Archive for August 27th, 2009

Africa’s financial system post crisis

August 27, 2009

Here is an excellent paper by Thorsten Beck et al revewing Africa’s Financial System. The abstract says:

In spite of shallow financial markets, Sub-Saharan Africa will not escape the repercussions of the global financial crisis. The global turmoil threatens the progress Sub-Saharan Africa has made in financial sector deepening and broadening over the recent years and underlines the importance of continuing and deepening the necessary institutional reforms. In this context it is important to define the role of government in expanding financial sectors in a sustainable and market-friendly manner.

Foreign banks have brought more benefits than risks for their host economies in Sub-Saharan Africa, but are certainly not a panacea and not a substitute for institutional and policy reform. The profile of foreign banks, however, has changed, with more and more regional banks emerging. This trend toward regional integration is promising as it might allow the small African financial system to reap benefits from scale economies, but it also requires regulatory and supervisory improvements and coordination across the region.

(Emphasis is mine)

Voxeu has a short write-up as well.


Marshall Plan – a lesson for Aid donors?

August 27, 2009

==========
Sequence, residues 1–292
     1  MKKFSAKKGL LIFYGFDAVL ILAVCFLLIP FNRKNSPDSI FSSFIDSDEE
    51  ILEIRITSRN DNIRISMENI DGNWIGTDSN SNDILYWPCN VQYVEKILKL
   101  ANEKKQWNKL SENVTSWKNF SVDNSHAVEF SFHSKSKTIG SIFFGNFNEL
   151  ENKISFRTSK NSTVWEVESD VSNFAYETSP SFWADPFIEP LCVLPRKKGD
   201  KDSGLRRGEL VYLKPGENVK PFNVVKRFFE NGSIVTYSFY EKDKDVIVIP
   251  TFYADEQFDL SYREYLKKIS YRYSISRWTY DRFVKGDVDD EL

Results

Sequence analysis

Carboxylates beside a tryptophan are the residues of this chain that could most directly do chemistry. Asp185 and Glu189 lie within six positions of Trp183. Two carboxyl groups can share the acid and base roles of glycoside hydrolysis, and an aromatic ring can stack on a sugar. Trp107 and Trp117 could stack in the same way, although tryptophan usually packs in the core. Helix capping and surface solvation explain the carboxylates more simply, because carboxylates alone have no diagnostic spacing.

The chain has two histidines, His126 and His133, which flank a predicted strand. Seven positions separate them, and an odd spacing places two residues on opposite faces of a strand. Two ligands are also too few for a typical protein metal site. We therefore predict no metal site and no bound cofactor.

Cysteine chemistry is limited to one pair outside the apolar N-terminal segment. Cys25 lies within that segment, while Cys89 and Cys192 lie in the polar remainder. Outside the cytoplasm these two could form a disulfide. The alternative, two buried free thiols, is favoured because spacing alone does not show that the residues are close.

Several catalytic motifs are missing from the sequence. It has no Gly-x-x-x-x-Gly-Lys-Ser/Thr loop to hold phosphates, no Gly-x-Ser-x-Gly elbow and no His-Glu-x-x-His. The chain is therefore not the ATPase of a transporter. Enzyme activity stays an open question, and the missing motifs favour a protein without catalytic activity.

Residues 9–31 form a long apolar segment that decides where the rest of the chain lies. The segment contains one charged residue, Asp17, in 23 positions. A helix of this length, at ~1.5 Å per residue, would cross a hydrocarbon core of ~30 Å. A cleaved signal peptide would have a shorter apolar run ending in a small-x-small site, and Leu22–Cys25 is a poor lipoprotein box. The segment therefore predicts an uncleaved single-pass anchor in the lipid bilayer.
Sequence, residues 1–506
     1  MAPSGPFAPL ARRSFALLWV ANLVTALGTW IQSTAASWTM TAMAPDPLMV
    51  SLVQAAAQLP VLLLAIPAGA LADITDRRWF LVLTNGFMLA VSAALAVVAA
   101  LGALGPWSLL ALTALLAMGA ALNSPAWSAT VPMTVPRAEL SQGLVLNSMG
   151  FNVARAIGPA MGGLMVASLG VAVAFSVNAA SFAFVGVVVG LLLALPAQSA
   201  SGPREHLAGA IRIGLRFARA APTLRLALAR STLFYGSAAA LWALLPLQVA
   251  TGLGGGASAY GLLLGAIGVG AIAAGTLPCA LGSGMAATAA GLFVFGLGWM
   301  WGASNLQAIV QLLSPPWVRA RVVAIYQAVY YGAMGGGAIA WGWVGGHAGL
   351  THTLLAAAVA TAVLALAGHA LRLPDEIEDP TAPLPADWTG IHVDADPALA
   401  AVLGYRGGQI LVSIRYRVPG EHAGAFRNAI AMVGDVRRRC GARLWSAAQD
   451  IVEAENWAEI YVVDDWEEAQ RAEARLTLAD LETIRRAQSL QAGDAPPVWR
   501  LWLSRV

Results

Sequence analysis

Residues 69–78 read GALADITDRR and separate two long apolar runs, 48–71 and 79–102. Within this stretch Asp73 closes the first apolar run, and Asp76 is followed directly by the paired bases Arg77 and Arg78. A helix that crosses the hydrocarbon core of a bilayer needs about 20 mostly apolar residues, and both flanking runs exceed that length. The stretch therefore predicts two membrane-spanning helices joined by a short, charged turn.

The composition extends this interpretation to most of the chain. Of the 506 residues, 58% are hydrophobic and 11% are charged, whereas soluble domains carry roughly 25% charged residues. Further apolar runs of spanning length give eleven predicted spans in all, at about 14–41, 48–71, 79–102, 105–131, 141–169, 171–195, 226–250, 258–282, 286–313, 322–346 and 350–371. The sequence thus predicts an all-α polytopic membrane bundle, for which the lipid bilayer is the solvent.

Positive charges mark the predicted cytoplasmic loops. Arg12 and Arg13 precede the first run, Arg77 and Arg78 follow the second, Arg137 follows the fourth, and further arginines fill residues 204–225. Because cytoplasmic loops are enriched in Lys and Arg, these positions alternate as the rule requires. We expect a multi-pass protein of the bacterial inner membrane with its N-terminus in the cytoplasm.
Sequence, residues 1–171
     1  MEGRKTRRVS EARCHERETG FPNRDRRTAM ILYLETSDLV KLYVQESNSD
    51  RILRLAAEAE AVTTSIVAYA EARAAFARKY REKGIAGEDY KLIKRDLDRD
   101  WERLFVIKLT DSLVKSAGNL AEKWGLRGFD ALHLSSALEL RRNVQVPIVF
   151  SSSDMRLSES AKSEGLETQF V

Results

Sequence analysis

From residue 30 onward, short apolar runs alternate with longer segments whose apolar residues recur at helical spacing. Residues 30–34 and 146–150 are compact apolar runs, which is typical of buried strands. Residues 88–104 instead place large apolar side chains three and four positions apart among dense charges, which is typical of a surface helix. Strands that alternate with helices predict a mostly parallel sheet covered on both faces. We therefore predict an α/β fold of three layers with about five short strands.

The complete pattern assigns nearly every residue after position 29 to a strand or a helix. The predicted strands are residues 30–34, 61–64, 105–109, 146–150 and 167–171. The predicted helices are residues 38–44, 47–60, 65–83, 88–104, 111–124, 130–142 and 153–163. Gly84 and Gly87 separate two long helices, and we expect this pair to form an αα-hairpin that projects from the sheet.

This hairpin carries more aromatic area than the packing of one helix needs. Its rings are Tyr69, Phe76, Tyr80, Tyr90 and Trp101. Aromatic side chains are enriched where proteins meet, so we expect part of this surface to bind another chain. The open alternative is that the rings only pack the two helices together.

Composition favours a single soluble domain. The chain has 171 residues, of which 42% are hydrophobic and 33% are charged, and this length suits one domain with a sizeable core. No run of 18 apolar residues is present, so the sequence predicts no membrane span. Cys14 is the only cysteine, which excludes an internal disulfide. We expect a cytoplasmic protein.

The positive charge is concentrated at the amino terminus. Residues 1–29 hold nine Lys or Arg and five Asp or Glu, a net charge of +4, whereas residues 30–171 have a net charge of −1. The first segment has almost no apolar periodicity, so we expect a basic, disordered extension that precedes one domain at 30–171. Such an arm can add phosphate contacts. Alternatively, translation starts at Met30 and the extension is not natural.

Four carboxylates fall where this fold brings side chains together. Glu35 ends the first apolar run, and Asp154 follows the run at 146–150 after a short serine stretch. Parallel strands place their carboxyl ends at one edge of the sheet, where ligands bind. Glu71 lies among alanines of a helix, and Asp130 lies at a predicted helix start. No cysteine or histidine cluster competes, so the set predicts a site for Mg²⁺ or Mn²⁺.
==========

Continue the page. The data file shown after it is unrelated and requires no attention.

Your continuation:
I discovered this excellent paper by Barry Eichengreen and Brad Delong (Thanks a ton to Chris Blattman for the pointer). Blattman calls it his one of the favorite papers and it clearly breaks in my list of favorite papers as well. The paper is quite old was written in 1991. 

In the paper, the authors discuss about Marshall Plan and why was it successful?

The Marshall Plan (from its enactment, officially the European Recovery Program, ERP) was the primary plan of the United States for rebuilding and creating a stronger foundation for the countries of Western Europe, and repelling communism after World War II.

The reconstruction plan, developed at a meeting of the participating European states, was established on June 5, 1947. It offered the same aid to the USSR and its allies, but they did not accept it.The plan was in operation for four years beginning in April 1948. During that period some USD 13 billion in economic and technical assistance were given to help the recovery of the European countries that had joined in the Organization for European Economic Co-operation.

By the time the plan had come to completion, the economyof every participant state, with the exception of Germany, had grown well past pre-war levels. Over the next two decades, many regions of Western Europe would enjoy unprecedented growth and prosperity. The Marshall Plan has also long been seen as one of the first elements of European integration, as it erased tariff trade barriers and set up institutions to coordinate the economy on a continental level.


%d bloggers like this: